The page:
Three Meadowdale High School students and Lynnwood High School teacher Brenda Torres spoke during public comment regarding the district decision to discontinue the AVID (Advancing Via Individual Determination) program. Students described the impact that the program made in their lives, with one saying that AVID helped her “find herself.” Those who spoke also pointed to how the program has helped low-income and minority families by assisting them to overcome obstacles. Torres urged the board to fund .4 full-time employee hours to “honor the commitment made” to students already enrolled in the program at Lynnwood High School.

As public comment continued, Sarah Dilling asked that the board allow PSAT testing to take place a year early – in 10th grade instead of 11th grade. She explained that familiarity with the PSAT would not only give students a higher score, but also a better chance to claim merit scholarships.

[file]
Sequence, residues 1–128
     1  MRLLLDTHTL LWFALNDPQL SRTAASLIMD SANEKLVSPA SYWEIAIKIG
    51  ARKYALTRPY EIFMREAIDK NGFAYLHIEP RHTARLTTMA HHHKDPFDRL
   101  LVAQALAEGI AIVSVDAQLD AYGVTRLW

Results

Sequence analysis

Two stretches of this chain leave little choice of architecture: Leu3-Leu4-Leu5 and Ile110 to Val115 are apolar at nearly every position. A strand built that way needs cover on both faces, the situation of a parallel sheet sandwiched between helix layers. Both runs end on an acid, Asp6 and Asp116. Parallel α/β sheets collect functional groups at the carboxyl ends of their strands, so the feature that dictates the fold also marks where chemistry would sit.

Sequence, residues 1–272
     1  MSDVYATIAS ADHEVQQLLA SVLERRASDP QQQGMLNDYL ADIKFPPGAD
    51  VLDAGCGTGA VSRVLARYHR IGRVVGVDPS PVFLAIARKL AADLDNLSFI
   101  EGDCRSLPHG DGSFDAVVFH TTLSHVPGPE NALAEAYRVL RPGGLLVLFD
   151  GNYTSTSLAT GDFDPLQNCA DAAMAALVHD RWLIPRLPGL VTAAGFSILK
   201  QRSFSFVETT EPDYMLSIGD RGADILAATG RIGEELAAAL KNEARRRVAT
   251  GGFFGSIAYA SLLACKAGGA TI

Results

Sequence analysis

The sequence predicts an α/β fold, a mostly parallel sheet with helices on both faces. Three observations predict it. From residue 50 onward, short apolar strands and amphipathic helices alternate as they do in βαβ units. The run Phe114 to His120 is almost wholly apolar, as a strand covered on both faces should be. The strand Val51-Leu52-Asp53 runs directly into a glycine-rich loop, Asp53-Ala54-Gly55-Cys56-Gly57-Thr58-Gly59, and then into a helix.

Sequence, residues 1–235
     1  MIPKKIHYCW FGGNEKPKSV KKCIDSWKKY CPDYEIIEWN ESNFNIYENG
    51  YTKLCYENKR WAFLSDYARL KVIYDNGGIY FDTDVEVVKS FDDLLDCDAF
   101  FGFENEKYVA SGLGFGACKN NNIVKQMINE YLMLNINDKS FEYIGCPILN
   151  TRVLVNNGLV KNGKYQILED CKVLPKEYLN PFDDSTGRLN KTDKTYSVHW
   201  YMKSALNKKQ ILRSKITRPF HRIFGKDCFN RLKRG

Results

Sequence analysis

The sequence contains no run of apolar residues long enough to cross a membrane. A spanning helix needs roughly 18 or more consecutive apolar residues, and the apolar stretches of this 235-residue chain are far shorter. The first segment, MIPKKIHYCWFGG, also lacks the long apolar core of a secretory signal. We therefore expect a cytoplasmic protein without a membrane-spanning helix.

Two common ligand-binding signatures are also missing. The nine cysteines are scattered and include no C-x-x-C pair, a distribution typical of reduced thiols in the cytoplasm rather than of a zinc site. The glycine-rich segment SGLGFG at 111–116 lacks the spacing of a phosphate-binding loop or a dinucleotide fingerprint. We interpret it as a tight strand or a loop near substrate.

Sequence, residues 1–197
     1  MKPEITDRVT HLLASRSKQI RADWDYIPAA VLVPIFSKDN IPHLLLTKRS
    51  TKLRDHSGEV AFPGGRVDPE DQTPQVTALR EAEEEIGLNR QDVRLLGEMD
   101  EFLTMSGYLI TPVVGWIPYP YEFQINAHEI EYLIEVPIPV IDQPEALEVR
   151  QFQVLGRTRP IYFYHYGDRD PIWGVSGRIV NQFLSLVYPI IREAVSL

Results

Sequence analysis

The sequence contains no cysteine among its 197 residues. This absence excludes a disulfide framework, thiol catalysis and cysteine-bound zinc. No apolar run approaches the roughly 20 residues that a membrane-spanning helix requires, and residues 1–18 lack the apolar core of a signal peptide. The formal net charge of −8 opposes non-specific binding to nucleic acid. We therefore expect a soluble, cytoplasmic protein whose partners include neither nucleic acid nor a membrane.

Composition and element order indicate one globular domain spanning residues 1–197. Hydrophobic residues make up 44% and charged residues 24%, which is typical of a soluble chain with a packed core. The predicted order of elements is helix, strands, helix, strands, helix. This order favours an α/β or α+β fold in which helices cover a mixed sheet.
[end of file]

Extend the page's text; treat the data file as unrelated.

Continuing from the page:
While the new business was largely composed of language changes to existing policy, the school board also read a completely new policy about remote work. By adopting the policy, the school board would recognize remote work as a viable option for certain tasks, though it excludes any staff that work directly with students and their families. Director Keith Smith said that the choice to work from home provided flexibility that he greatly appreciated.

Students met with Rep. Shelley Kloba (center).